DOGS ASSISTING KIDS & ADULTS
By Winston Chung
Dog ownership seems to have had a calming effect on my life, so I’m not completely surprised when I hear about new ways that canines are helping people.
Scientists aren’t really sure if dog ownership is associated with decreased allergy risk or increased physical activity in youth, but there is little doubt that service dogs are making big differences in the lives of some autistic and diabetic children.
Specially trained service dogs are helping to calm some autistic children or keep them safe, and others are sensing and warning their diabetic owners about potentially dangerous episodes of low blood sugar.
While at work, I’ve seen volunteer teams from the San Francisco SPCA Animal Assisted Therapy (AAT) Program helping to ease the pain or brighten the day of some patients at the hospital.
The Puppy Dog Tales Reading program aims to promote literacy in at-risk populations by attempting to stimulate enthusiasm for reading. Teams are placed at schools or libraries and work with children during reading sessions, supporting efforts in a “non-judgmental way.”
Dr. Jennifer Emmert is the AAT Manager at the SF SPCA. She told me that the Puppy Dog Tales Reading program has teams at over 20 locations and that educators are describing results that include “increased enjoyment of reading, quicker improvement in cadence, increased motivation to try sounding out unfamiliar words, reduced anxiety” among others.
Canines are also helping to reduce anxiety in soldiers with PTSD. An article in the New York Times describes a 25 year-old Iraq war veteran who was able to cut his anxiety and sleep medication in half, weeks after getting a dog. The story also mentions that the government is spending money on research looking into how canines might help soldiers.
Based in San Anselmo, the Pine Street Foundation is a non-profit charity with the mission of helping people with cancer through education and research. Dr. Michael McCulloch is their research director and contributor to a growing body of literature on canines and cancer detection, including his study of dogs that detected lung cancer in the breath of cancer sufferers with 99 percent accuracy.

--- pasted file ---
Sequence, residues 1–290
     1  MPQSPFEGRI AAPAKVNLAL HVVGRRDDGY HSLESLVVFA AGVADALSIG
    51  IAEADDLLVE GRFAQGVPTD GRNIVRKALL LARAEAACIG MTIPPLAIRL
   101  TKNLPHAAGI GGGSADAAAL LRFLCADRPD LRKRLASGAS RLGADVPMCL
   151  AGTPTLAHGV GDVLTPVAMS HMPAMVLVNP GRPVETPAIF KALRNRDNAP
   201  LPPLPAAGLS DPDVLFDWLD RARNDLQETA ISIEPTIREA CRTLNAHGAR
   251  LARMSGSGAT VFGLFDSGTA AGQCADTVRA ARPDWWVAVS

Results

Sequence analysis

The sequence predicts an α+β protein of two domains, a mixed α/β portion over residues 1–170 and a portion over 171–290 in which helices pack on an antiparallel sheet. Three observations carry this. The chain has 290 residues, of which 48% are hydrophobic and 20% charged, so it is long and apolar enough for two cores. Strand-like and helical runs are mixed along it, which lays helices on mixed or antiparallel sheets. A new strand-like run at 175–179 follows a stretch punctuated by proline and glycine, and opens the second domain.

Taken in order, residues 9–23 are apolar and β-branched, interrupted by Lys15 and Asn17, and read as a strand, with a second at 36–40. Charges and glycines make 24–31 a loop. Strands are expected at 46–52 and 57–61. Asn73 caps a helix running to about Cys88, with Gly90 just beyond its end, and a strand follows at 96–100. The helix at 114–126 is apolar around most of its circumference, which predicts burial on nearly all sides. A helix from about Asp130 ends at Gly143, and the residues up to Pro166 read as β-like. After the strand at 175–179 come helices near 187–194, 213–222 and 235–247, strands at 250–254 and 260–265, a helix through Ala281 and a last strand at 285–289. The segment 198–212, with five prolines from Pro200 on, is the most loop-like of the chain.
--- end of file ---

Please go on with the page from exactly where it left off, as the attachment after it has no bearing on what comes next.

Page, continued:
In an e-mail to me, Dr. McCulloch shared that they, in partnership with Touradj Solouki, associate professor of chemistry at the University of Maine, are currently enrolling women with ovarian cancer for a federally-funded study of canine scent detection. They are also seeking women with endometriosis and polycystic ovarian syndrome as controls. Women who participate only need to provide a sample of exhaled breath and can enroll by visiting the clinical trial‘s or Pine Street Foundation‘s websites.
I have no misconceptions about my dog Bouncer having the potential to develop clinically useful skills. Heck, I’m happy when he goes long stretches without going pee-pee inside.
Bouncer showing how to enjoy the moment
But I do get the sense that Bouncer is a positive influence in our lives. Since we adopted him from Wonder Dog Rescue, Bouncer has been a reason to go on a walk and explore new city parks and dog-friendly spots in California. When I’m anxious, he can be soothing and sometimes remind me to not judge and be in the moment.
Posted By: Winston Chung MD (Email) | March 07 2011 at 11:30 AM
- Dogs detect diseases (danapress.typepad.com)